In response, my faith tradition implemented what we call the Registered Youth Worker program. Recognizing that we can’t stop all situations that may entice a predator to take advantage of, we can do our best to limit those situations as much as possible. Some of the things we have implements are fairly simple: Anyone who works with youth, is in a leadership position, and/or is a member of the priesthood is required to take a class where basic youth protection skills are taught; anyone who has not had the training is not allowed to work with youth they are not the parents of unless there are RYW also working; there should always be two RYW when working with children; all activities with youth need to be where others can see what is going; do not become social media friends with youth unless you are also friends with their parents. A part of the RYW process includes background check and references.

As I said, fairly simple. The training we have as youth workers can easily be translated into working with other groups who tend to be at the most risk and vulnerable to those who would take advantage of them: The elderly and those with disabilities or impaired cognitive abilities. In my congregation, we try to get as many members as possible to attend any and every RYW class we conduct. It is better safe than sorry, and it holds each member – whether in a position of leadership, ministerial authority, or a member  – accountable and responsible.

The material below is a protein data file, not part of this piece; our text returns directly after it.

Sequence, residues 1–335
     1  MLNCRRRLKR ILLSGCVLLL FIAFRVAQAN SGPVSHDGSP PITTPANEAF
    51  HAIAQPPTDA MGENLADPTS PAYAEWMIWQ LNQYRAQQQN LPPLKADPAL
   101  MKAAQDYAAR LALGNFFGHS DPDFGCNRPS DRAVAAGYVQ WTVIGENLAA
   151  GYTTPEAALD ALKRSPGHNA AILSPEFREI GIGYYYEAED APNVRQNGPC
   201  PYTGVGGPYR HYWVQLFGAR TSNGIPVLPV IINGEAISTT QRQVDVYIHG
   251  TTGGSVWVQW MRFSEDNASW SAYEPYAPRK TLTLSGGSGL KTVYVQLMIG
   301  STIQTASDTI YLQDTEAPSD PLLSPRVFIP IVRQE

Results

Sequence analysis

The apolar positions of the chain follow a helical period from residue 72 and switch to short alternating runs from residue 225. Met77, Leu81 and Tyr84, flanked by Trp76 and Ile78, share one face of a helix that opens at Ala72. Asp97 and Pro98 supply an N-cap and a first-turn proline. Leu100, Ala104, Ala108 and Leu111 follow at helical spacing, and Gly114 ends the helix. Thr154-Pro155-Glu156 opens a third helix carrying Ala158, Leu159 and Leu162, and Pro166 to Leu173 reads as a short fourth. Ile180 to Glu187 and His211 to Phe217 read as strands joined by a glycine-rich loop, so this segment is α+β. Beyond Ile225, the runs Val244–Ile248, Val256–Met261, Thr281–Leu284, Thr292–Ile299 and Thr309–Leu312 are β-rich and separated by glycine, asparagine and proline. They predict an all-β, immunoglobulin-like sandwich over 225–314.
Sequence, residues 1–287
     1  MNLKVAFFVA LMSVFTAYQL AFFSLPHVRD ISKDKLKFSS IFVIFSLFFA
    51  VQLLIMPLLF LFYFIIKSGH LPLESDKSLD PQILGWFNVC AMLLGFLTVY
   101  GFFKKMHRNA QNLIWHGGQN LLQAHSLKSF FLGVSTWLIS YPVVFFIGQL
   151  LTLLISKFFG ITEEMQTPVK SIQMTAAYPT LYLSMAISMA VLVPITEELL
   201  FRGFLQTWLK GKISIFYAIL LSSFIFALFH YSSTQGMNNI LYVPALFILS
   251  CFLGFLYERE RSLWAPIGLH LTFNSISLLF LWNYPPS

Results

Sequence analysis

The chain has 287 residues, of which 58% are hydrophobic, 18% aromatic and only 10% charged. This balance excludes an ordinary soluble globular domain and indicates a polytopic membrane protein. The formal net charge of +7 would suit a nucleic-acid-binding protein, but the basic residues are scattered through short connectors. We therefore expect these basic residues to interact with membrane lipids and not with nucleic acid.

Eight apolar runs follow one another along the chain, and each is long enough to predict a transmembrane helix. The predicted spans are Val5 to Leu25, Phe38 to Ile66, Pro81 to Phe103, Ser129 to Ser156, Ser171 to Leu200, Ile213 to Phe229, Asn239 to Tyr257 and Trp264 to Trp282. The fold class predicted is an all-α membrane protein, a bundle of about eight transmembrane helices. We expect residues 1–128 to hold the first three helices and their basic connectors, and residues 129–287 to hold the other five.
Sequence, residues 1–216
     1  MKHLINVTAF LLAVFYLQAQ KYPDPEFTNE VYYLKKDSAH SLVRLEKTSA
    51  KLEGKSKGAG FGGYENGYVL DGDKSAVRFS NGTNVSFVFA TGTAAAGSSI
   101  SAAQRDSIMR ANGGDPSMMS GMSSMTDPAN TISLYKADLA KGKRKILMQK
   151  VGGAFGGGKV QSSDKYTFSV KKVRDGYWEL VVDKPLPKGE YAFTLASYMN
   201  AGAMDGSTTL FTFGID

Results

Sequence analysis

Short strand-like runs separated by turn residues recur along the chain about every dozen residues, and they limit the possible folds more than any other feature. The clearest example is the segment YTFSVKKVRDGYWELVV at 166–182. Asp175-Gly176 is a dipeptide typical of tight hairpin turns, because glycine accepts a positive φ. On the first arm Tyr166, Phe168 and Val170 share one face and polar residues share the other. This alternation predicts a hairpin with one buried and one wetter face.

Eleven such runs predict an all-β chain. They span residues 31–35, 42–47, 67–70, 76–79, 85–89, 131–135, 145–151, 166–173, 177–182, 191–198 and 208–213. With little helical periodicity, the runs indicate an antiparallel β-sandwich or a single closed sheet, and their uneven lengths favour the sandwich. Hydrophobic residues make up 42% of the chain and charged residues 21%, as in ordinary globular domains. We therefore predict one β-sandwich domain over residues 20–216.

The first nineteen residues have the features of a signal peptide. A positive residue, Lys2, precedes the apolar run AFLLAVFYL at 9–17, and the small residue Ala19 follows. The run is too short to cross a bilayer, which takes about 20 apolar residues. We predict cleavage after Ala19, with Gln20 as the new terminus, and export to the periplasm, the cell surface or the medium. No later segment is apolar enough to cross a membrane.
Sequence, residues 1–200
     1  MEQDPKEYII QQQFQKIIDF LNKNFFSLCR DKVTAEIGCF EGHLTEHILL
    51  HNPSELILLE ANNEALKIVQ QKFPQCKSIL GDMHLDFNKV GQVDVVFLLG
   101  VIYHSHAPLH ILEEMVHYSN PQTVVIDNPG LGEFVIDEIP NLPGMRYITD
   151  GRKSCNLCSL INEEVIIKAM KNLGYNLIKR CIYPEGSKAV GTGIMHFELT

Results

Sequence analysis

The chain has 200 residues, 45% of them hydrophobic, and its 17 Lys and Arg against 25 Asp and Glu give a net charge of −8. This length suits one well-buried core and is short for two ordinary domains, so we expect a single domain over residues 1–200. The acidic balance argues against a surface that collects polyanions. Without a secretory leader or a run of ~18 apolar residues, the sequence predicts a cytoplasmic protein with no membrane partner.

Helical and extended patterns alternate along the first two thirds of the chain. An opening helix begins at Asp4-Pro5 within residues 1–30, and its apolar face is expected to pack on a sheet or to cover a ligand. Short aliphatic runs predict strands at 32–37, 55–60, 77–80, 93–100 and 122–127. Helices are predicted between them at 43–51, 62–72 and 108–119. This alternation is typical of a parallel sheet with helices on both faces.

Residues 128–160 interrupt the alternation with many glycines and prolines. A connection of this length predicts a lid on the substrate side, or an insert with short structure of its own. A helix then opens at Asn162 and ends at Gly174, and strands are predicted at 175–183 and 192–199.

What does your church, religious organization, or any organization you affiliate with do to promote the protection of youth and the more vulnerable? What do they do to hold their leadership, ministers, volunteers, and members responsible and accountable for their behavior?

As we watch the continuing coming forth of victims of sexual assault, how do you respond? Do your values and convictions allow you to turn a blind eye in the voting booth? How will you hold those people who hold positions of responsibility and influence at the city, state, and national level responsible for abusing the public trust, for destroying young people’s lives, for breaking the law? What does your civic responsibility and/or your faith call you to respond?

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Sixteenth Anniversary of 9/11

Source: Sixteenth Anniversary of 9/11

Image result for peace candle

Today marks the sixteenth anniversary of the events of the morning of September 11, 2001. As many of you, I remember where I was and what I was doing that morning as coverage of the events filled almost every channel and radio station.